Most of the public discussion about the Russia investigation centers on the question of collusion between Moscow and the Trump campaign to undermine Clinton. But “collusion” isn’t a specific crime under federal law. Instead, legal experts have questioned whether any Trump campaign officials may have violated a campaign-finance statute that bars foreigners from donating money or any other “thing of value” to a campaign. That same provision also forbids campaign officials from soliciting such a donation.
“If I’m a foreign citizen and I give a thousand dollars to the campaign, then that’s a thing of value,” Hasen explained. “If I provide a dossier, that also could be [a thing of value]. And so the question that came up during the last Don Jr. controversy was whether providing dirt on Hillary Clinton—opposition research—could be a thing of value for purposes of the statute.”
That debate first arose in July when The New York Times revealed that Trump Jr., his brother-in-law Jared Kushner, and then-campaign Chairman Paul Manafort met with Russian lawyer Natalia Veselnitskaya in Trump Tower in June 2016 after she promised “information helpful to the campaign” about Clinton. Trump Jr. denied any wrongdoing and said that Veselnitskaya, who has ties to the Kremlin, provided no such information to them.
The Twitter conversations made public so far don’t show deliberate solicitation of WikiLeaks’s help on the part of Trump Jr. The closest he came to such a request was on October 3, 2016, when he asked WikiLeaks, “What’s behind this Wednesday leak I keep reading about?” (Roger Stone, an occasional Trump adviser, had tweeted “Wednesday@HillaryClinton is done. #WikiLeaks.” the day before.) Indeed, it was WikiLeaks that solicited from Trump Jr. throughout the exchanges—asking for his father’s tax returns, highlighting links for Trump Jr. to tweet, and even suggesting that the elder Trump publicly float Assange as a possible Australian ambassador to the United States.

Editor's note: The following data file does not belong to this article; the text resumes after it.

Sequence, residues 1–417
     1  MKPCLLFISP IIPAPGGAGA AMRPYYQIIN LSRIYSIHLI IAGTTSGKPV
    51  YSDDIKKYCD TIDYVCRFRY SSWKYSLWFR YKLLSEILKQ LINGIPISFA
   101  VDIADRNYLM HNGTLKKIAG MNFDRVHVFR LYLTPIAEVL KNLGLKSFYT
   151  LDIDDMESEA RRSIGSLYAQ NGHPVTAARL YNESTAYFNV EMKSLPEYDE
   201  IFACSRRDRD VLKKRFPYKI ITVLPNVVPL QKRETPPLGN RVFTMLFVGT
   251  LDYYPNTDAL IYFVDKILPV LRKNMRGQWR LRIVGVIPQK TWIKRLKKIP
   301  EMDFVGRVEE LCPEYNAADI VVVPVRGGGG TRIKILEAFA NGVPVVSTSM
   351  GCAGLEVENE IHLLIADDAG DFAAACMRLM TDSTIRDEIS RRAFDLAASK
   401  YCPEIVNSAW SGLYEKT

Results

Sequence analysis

Even if the exchanges did show Trump Jr. soliciting damaging information from WikiLeaks, federal prosecutors could run into difficulty pursuing charges for violating foreign-spending rules. “Assange is or could be considered a journalist, and we might have different rules for foreign-news media,” Hasen explained. “Certainly that’s how domestic campaign-finance law works, where we treat media differently than others.” And while he believes that a “thing of value” under the statute can include opposition research or stolen emails, that view isn’t unanimous among legal experts. He cited arguments made in July by Eugene Volokh, a UCLA law professor, that such a broad interpretation of the term could run afoul of the First Amendment.
Trump Jr.’s messages also show WikiLeaks providing him with the login information of an anti-Trump website. “A PAC run anti-Trump site putintrump.org is about to launch,” the account wrote to Trump Jr. “The PAC is a recycled pro-Iraq war PAC. We have guessed the password. It is ‘putintrump.’ See ‘About’ for who is behind it. Any comments?” Trump Jr. replied that he would “ask around” about the website’s provenance.